Thursday, March 11, 2010

Movie with Abe: Harlem Aria

Harlem Aria
Directed by William Jennings
Released March 5, 2010

Everyone has the right to have a dream. Trying to achieve it may be trickier, but that doesn’t mean it’s not worth putting in the effort. The story of a kind-hearted, somewhat slow African-American young man from Harlem who yearns to become an opera singer can certainly be seen as an inspiring tale of someone no one else believed in who still sought to prevail over the starkest of odds. Watching as Anton tries hard to realize his lifelong dream is compelling at times, but its presentation diminishes the considerable impact that Anton’s journey could have had.

This is absolutely one of those cases where the concept is far better than the execution. Those involved probably pitched it well and had it received positively, but it doesn’t work terribly well as a film. The inspirational nature of Anton’s transformation into an opera singer as a result of his newfound partnership with a piano player in the park instead comes off as immensely hokey, counteracting any positive possibilities it may have had. There’s nothing particularly inventive or stylized about the filmmaking, and the sappy, predictable story can’t tell itself.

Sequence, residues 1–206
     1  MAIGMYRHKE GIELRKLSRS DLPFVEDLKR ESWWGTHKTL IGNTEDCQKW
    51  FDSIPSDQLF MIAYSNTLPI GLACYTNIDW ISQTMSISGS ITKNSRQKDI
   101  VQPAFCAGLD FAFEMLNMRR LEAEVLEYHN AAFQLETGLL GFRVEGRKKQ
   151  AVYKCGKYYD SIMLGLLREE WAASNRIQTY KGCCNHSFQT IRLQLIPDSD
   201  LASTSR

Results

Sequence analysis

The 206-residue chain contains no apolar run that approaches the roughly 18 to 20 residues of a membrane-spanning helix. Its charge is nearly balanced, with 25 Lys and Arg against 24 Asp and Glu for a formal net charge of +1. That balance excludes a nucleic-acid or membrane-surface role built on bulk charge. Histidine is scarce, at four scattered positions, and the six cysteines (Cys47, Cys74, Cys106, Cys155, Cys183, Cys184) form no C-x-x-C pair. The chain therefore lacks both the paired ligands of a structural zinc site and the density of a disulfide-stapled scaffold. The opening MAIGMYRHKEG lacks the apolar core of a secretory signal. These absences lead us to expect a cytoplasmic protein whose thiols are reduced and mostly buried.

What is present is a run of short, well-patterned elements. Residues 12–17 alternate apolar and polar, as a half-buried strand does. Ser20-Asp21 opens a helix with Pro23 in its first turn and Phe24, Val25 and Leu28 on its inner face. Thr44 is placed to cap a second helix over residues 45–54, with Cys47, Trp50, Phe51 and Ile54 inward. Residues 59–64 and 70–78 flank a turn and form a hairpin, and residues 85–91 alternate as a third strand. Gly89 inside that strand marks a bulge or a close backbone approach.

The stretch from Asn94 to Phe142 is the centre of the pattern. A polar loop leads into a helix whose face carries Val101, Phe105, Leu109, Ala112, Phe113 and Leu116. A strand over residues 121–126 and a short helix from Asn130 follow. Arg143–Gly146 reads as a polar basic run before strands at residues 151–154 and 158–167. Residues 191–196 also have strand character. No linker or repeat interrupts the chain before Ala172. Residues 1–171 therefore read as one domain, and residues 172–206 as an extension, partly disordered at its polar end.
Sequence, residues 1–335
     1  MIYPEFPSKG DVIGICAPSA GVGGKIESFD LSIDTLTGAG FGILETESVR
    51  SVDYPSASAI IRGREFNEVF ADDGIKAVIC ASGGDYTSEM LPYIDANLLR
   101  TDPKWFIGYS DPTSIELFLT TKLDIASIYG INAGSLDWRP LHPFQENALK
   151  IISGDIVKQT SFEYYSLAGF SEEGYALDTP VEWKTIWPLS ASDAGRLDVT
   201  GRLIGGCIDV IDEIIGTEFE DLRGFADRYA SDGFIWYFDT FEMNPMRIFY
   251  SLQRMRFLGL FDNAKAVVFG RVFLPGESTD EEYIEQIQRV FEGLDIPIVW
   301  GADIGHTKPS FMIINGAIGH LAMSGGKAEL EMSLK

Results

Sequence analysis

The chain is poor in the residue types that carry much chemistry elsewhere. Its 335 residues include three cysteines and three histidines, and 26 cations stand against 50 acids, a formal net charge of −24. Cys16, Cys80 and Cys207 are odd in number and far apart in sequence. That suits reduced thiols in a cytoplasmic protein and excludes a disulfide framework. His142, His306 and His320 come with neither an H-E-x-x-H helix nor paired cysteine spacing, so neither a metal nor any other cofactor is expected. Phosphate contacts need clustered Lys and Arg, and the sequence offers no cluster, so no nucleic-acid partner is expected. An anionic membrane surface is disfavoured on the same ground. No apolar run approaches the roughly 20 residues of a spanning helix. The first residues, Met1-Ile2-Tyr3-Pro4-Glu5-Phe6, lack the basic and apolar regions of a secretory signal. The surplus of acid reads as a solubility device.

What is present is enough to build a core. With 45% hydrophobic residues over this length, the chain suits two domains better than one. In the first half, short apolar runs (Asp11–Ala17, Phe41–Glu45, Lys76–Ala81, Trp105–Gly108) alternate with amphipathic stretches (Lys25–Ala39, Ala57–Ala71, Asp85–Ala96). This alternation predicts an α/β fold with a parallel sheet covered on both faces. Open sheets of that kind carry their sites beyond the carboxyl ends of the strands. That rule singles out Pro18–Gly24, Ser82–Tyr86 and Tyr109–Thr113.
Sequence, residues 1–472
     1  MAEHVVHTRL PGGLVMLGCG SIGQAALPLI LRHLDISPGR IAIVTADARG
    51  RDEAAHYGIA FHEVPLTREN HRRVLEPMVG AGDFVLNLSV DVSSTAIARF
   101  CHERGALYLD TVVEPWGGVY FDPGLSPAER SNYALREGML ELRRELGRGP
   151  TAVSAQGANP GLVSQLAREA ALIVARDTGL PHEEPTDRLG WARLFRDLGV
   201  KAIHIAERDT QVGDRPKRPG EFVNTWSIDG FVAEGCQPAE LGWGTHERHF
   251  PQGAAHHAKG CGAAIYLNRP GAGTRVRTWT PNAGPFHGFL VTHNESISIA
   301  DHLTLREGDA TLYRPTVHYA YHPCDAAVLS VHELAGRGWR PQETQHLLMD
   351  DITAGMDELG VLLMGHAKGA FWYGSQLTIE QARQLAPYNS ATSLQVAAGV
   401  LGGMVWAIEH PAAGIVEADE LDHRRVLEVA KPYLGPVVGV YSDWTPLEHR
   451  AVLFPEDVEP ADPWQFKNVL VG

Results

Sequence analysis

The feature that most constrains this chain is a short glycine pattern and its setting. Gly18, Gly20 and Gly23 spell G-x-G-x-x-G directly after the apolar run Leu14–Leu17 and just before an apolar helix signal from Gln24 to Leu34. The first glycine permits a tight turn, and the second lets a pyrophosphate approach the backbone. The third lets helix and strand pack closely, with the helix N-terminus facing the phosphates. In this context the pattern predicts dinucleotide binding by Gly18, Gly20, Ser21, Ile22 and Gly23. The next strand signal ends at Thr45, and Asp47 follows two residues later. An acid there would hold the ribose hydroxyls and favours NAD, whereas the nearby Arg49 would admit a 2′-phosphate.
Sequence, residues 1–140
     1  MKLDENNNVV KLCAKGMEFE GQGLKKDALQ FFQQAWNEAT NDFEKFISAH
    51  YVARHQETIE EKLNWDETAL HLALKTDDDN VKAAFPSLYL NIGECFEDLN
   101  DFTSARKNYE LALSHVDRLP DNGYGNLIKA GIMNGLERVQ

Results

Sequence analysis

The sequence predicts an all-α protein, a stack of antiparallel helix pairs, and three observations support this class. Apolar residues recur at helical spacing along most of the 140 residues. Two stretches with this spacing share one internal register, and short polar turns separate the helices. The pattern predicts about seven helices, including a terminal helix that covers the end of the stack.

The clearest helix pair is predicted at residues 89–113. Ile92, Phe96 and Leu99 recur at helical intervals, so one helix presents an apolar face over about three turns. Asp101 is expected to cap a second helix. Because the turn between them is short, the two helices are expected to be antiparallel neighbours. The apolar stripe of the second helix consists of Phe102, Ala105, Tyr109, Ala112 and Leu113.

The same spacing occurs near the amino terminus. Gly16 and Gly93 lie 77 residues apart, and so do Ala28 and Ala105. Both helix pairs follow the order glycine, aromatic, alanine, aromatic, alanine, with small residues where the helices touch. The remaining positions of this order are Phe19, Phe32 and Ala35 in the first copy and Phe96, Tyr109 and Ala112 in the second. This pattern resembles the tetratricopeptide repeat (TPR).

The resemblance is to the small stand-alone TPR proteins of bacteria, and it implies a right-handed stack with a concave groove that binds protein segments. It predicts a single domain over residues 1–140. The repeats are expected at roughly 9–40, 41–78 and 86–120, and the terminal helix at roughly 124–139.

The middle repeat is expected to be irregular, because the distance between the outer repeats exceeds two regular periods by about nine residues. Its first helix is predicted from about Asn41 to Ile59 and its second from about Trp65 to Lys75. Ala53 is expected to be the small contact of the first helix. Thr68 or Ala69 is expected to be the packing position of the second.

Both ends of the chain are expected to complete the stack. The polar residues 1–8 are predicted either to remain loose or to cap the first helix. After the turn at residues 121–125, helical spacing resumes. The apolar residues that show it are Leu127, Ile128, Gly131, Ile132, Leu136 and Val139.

Lead actor Gabriel Casseus gives his performance his all, perfectly mimicking the tics and naivety that the well-meaning Anton exhibits. It’s his portrayal that serves as the key element of the film that makes it worthwhile. The same can’t be said for his two buddies, however. As a homeless hustler who constantly takes advantage of Anton’s handicap, Damon Wayans is obscenely obnoxious and altogether too over-the-top. As the park pianist who more quickly takes to Anton due to his talent and good nature, Christian Camargo, recently seen in powerful roles in both TV’s “Dexter” and the Oscar-winning film “The Hurt Locker,” is sort of useless as a sap and doesn’t add much. The trio is ultimately more comic than compelling, which poses a problem for this allegedly moving film.

What carries “Harlem Aria” in some limited capacity is the essence of the film – Anton’s passion for and love of music. The scenes where Anton throws himself completely into the opera singing he so adores are by far the best in the film. At a point, however, there’s little left to be excited about, but opera lovers will easily be taken in by Casseus’ voice and energy. Those not prone to opera may not look as kindly on this film that presents an uplifting tale but tells it in a less than polished way.


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